know about Valente?'' Thomas looked up to say yes. ''Where is she?'' Thomas 
looked way up, past yes, toward heaven, a concept he learned a year earlier, 
back when Richard lost both parents within three weeks.

''Valente had a sickness called seizures, and you don't,'' Lora said. ''Are 
you scared?'' she asked. Thomas said yes.

VII. Making Plans

Each year, the kindergarten teachers at the Manhattan School for Children 
choose a theme and build the curriculum around it. When Thomas was in 
kindergarten, the theme was bread. From late fall through early summer the 
students read stories about baking it, did math lessons about buying it, 
visited a local bakery on a field trip and even performed an adaptation of 
''The Little Red Hen,'' who bakes a loaf herself when none of her fellow 
farm animals will help. Thomas played a duck. His Tech/Talk was programmed 
to say ''Quack, quack, quack.''

At the end of the school year, all four kindergarten classes at M.S.C., 
those with children in wheelchairs and those without, created a bakery of 
their own. For two weeks beforehand, they baked -- banana bread, pumpkin 
bread, chocolate-chip cookies, chocolate cake, cupcakes, cinnamon rolls -- 
then stored their goods in a freezer. They drew a big sign that said 
''Madison Square Bakery'' and smaller ones that priced the items at 
multiples of 10 cents each. They spent arts-and-crafts time making placemats 
and baker's hats and vases with paper flowers.

As the ''customers'' -- the parents -- arrived, Thomas was positioned right 
at the classroom door, near the muffins. His love-hate relationship with his 
Tech/Talk was pure love that day, and he grinned at anyone close enough to 
hear him. If you were just out of range, he gestured wildly until you came 
near.

''Can I help you?'' he said. ''We made that fresh. It costs 10 cents. Thanks 
for coming.'' Barr, his special-ed teacher, had programmed the device, and 
it was two of his classmates whose voices actually spoke the words, but from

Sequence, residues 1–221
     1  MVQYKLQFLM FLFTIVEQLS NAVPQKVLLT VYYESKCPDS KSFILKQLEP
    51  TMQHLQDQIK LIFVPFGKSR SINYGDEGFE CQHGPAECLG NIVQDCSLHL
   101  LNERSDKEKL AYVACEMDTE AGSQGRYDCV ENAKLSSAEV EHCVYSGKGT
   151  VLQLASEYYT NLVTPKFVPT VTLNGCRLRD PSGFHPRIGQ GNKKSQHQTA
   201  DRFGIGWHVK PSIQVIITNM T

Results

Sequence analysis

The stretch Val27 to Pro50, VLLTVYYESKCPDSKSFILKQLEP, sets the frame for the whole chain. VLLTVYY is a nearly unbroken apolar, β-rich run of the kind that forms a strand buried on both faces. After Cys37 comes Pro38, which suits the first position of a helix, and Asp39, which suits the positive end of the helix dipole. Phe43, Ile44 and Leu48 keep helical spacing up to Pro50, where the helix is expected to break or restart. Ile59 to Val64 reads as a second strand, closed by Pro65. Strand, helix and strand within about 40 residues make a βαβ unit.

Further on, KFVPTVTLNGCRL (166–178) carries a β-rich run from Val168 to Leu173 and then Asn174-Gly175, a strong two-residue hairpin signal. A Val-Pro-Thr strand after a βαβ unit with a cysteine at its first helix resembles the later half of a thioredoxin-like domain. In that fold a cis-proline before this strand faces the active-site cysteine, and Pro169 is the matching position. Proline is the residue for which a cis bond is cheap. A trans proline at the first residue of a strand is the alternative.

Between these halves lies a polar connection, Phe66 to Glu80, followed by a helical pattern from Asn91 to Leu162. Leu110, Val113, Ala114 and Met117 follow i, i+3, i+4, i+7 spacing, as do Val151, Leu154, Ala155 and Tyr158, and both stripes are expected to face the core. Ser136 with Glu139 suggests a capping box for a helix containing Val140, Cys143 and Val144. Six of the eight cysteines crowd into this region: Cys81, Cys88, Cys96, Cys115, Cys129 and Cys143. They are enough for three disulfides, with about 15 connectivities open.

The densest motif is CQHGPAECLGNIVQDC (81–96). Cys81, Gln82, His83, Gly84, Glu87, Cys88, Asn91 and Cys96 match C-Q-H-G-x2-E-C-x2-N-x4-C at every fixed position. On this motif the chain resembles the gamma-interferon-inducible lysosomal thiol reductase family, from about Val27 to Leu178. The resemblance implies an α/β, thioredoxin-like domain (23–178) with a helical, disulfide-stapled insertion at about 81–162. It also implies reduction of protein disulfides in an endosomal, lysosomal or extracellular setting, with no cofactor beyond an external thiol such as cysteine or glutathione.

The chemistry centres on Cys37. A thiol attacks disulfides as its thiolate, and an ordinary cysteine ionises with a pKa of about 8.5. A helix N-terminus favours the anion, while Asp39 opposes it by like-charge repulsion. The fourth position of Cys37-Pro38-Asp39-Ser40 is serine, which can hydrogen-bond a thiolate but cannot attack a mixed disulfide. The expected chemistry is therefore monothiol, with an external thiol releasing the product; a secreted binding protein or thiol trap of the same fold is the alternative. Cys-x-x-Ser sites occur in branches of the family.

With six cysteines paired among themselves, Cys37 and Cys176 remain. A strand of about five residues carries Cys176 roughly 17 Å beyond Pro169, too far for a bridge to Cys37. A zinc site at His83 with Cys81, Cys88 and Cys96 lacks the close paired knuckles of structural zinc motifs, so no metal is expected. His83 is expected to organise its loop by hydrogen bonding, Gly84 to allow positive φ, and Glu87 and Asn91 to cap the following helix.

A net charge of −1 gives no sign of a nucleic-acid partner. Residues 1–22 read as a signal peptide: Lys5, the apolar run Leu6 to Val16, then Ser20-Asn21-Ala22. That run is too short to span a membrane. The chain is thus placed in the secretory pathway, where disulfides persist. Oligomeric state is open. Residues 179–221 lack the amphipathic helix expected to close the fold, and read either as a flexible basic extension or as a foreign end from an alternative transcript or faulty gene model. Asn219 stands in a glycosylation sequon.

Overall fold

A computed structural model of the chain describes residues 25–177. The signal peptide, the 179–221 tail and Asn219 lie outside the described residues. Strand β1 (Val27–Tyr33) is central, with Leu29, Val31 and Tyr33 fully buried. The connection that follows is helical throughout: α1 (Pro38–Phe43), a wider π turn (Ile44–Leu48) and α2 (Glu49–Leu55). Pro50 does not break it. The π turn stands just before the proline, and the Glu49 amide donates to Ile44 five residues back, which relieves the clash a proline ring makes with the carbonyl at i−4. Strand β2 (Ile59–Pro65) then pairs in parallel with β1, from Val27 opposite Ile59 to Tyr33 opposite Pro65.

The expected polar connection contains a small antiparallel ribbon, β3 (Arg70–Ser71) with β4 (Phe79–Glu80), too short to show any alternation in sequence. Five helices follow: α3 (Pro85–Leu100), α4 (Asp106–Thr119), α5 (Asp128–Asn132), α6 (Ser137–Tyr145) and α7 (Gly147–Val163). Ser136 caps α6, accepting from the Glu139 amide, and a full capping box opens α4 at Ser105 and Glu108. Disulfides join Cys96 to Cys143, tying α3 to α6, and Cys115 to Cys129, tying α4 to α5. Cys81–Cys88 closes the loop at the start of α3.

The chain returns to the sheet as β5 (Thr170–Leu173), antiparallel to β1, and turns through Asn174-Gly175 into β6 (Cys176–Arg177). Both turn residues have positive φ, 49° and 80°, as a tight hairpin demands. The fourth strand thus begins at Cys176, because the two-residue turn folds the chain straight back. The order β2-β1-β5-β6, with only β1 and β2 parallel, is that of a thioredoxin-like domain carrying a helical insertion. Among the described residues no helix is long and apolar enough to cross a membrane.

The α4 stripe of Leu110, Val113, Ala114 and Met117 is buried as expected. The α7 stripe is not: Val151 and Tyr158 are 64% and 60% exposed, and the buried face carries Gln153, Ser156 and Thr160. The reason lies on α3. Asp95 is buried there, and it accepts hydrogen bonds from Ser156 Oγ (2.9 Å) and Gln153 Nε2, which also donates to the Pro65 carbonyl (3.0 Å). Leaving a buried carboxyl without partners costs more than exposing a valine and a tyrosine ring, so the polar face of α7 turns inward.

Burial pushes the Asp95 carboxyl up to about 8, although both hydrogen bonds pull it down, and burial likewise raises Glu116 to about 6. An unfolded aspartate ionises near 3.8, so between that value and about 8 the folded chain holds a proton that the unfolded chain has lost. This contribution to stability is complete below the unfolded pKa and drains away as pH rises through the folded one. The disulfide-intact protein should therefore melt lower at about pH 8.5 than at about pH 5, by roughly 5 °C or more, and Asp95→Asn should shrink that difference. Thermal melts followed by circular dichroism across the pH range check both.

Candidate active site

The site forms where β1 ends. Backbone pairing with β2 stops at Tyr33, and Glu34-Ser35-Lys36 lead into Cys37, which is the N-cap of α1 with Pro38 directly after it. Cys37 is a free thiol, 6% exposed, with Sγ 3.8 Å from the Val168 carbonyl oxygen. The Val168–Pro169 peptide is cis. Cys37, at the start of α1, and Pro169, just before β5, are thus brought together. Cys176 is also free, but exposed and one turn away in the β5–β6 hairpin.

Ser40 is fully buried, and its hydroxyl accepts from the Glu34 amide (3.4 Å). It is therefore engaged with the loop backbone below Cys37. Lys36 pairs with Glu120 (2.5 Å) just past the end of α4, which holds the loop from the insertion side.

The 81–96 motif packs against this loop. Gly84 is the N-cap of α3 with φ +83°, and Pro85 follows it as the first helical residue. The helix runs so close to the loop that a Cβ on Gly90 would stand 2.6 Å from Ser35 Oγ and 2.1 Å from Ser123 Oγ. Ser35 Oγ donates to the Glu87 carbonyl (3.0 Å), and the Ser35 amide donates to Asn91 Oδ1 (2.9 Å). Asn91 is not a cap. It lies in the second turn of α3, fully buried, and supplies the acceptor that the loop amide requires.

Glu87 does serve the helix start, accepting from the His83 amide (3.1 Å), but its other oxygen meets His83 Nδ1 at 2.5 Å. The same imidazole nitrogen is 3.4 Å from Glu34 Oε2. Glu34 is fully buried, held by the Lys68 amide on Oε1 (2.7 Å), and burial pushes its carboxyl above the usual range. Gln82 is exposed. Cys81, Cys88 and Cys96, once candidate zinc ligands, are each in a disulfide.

the expression of joy on his face, the words seemed to come from deep inside 
Thomas.

By the time the Ellensons arrived, there was already a crowd. ''Can I help 
you?'' Thomas asked them. Richard began to cry.

The end of the year was the usual blur. Richard Ellenson was elected 
president of M.S.C.'s parents association. Thomas, who was eager to get to 
his sign-in book every morning, could now write his name legibly and boldly 
in crayon. He also gained new mastery of the computer. One of his last 
projects was an alphabet book filled with animals, and he made it clear that 
he wanted to sound out the spellings of the words, just like the other 
children, rather than choose words from a prefabricated list. ''Q IS FOR 
QUJAXL'' he typed under a photograph of a quail. ''R IS FOR RA!EBBIT.'' ''S 
IS FOR SKUFNK.'' Barr was gleeful. ''That's the way a kindergartener should 
be writing,'' she said.

At an end-of-year meeting, Ellenson and the M.S.C. staff members found 
themselves talking about the same things they were talking about at the 
beginning of the year. But now they spoke like veterans, not first-timers. 
Ellenson expressed his frustration that there still was nothing tangible -- 
no booklet, no instructions -- to hand down to others who might want to 
start a similar program. Wernikoff offered more support -- more money, more 
staff development -- for the coming year and told Ellenson that the school 
district would in fact reimburse him for the $15,000 he spent from his own 
pocket. Rappaport said she was determined to find a low-to-the-ground chair 
that would facilitate Thomas's use of his hands.

For the coming school year, they agreed, there would again be two 
MotorVation classes in kindergarten, each with four disabled students. 
Rappaport knew she could fill those eight slots, because word was out and 
parents were inquiring. In the first grade, Thomas's grade, there would be 
only one MotorVation class, taught by Barr and Blank. It would include the 
motor-impaired children who attended the first year, along with 14 
nonimpaired children. All summer the parents of Thomas's kindergarten 
classmates waited to learn which of their children would be allowed to move 
up with him into what was now considered a very desirable class.

Thomas Ellenson will start first grade tomorrow morning, in Classroom 406, 
down on the first-grade floor. He is excited because his best friend, Evan, 
will be there too.

Lisa Belkin, a contributing writer for the magazine, last wrote about 
attention-deficit disorder in adults.